One more example and an exercise you can attempt… Hold a tangerine. Look at it fully. Appreciate the work of people who delivered this fruit to you and the forces of nature which allowed this fruit to grow. Feel the tangerine. Scratch the peel and smell the tangerine. Slowly and carefully peel the tangerine, perhaps keeping the peel in one piece. Pull the first section out slowly and place this in your mouth. Breathe! Feel the tangerine section in your mouth. Move it around with your tongue. Press it against your teeth or slowly take a bite. Breathe! Taste the sweetness. Appreciate the sun and forces which developed the sugar of this fruit. Slowly swallow the first section and then slowly repeat this for as much of this tangerine as you wish. If you were not distracted and were focused upon this exercise, attempt this at your next meal… Try to not speak for 10 minutes while you eat… Be mindful. Breathe slowly. Appreciate.

Full List of 10 Qualities of Mindfulness are:
These are Pages 18-20 of Laurie Cameron’s book: “The Mindful Day, Practical Ways to Find Focus, Calm and Joy From Morning to Evening.”

1. Awareness
2. Beginners Mind
3. Acceptance
4. Insight
5. Impermanence (Life is temporary and so are all the challenges…)
6. Equanimity
7. Interconnection
8. Compassion
9. Gratitude
10. Joy

Special thanks to Chau Yoder for these helpful acronyms:

Consider C.A.R.E. when dealing with life’s experiences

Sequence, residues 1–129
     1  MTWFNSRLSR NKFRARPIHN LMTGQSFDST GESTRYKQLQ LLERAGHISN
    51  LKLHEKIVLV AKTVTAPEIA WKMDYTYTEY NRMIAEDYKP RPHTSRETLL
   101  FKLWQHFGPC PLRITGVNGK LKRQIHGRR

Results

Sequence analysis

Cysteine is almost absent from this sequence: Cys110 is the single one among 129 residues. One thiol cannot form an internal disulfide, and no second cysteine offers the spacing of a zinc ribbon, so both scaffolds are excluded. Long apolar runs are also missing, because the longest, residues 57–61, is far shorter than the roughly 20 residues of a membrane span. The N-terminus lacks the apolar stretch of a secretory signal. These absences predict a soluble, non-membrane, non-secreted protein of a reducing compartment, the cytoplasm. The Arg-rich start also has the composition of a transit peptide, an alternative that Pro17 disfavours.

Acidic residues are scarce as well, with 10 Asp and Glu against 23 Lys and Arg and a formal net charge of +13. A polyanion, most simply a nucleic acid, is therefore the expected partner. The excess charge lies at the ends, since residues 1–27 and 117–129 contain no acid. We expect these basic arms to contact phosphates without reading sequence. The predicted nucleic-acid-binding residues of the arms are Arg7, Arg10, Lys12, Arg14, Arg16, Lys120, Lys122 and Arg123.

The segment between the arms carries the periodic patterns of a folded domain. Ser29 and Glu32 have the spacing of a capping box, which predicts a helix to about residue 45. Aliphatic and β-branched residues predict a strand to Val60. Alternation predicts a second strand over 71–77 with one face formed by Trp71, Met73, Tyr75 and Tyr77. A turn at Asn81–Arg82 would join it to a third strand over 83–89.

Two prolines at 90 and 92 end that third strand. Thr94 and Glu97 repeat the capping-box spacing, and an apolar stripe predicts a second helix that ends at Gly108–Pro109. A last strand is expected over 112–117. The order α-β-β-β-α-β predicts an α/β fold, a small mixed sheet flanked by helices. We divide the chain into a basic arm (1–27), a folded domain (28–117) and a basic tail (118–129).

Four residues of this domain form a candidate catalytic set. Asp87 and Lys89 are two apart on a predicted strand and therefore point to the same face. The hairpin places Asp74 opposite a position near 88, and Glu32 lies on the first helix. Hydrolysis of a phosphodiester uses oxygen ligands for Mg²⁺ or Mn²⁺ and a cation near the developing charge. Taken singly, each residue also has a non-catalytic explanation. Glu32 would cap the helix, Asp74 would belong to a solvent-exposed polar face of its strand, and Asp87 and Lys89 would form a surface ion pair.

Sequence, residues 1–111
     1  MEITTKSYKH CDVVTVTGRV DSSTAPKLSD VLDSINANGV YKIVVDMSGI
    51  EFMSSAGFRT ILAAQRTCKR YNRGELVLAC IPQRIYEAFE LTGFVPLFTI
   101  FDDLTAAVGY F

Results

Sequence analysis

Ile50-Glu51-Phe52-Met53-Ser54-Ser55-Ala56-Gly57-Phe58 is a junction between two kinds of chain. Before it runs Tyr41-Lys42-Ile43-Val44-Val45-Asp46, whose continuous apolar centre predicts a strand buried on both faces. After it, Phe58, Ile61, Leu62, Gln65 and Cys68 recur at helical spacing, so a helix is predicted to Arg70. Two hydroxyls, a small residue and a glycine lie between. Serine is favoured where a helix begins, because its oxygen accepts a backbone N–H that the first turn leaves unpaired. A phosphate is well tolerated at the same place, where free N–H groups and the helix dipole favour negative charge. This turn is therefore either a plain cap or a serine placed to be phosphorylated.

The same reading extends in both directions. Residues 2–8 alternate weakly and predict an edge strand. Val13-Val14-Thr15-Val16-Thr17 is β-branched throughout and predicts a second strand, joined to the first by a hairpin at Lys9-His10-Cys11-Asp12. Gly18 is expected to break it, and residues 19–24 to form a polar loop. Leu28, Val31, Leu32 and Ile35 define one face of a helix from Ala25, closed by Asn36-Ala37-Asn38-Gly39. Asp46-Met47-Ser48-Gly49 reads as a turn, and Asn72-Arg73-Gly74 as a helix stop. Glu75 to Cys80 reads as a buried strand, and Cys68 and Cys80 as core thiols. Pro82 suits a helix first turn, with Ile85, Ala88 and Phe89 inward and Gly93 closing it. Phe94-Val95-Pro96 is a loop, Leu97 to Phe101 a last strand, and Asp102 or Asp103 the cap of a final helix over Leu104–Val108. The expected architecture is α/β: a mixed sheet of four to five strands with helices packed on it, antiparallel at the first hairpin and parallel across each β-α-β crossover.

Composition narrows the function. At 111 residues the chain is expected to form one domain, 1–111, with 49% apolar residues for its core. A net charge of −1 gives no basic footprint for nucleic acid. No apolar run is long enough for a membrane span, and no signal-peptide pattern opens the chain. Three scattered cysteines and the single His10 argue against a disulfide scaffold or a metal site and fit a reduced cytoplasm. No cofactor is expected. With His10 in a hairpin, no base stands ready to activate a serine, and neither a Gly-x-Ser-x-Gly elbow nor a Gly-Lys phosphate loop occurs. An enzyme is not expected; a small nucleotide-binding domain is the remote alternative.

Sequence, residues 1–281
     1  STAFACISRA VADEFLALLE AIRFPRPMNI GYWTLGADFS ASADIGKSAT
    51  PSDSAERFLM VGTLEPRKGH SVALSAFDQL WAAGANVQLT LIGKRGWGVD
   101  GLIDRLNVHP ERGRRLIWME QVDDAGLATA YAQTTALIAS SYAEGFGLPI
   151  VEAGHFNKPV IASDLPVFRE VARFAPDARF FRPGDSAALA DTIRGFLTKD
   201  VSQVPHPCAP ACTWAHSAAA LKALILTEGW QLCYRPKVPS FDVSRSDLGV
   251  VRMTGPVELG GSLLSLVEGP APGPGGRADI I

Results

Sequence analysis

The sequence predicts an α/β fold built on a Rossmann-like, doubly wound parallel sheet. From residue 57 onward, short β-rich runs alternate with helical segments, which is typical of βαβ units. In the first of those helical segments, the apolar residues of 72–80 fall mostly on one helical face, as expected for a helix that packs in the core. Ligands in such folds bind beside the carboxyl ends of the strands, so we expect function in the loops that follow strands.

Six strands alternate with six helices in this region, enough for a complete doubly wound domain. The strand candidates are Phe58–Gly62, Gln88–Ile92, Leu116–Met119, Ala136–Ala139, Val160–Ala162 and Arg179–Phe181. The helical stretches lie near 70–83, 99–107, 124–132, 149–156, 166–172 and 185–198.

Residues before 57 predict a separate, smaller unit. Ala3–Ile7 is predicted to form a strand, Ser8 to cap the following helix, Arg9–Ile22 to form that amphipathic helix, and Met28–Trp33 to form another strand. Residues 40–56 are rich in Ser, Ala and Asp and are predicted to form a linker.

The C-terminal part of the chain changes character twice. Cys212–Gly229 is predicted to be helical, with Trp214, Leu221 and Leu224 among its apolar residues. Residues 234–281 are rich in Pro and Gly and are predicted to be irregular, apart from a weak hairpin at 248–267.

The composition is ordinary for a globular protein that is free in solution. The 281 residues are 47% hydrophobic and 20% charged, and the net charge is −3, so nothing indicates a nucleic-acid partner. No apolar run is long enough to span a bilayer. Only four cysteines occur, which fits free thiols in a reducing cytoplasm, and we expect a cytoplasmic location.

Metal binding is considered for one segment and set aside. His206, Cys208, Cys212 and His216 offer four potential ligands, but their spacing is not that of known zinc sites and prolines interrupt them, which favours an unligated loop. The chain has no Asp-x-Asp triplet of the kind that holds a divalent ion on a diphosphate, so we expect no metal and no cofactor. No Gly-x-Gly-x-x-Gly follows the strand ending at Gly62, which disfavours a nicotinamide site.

C. Compassion
A. Appreciation
R. Respect
E. Equanimity

To Assist you with this, try P.B.S.
P. Pause
B. Breathe
S. Smile

One more tip for dealing with a situation which “Triggers” you. R.A.I.N.
R. Recognize
A. Allow
I. Investigate with Kindness
N. Nurture (Yourself and the Appreciation of this Challenge)

If you are READY and looking for a supportive community where you can share your story, your wisdom, and grow spiritually in a non-religious environment, consider Masters of the Journey.
You are a Blessing! You are a Master! Your wisdom from your life experience can have great value to other pilgrims on the path toward awakening and enlightenment.

The Masters of the Journey has events which are updated on our Facebook page which is found at: www.facebook.com/mastersofthejourney Please comment on this blog and share, if appropriate. More of our blogs are based on spiritual consciousness and can be found at www.dstress.com/blog

Mindfulness. What Does this Mean?

Pre- Mindfulness. Early next month, I am signed up to join a “Mindfulness” retreat. There is no way I can pretend to know what Mindfulness is or where this experience will lead me. Is this a modern “fad” or strange cult coming to us from Eastern Philosophy? So, I looked it up…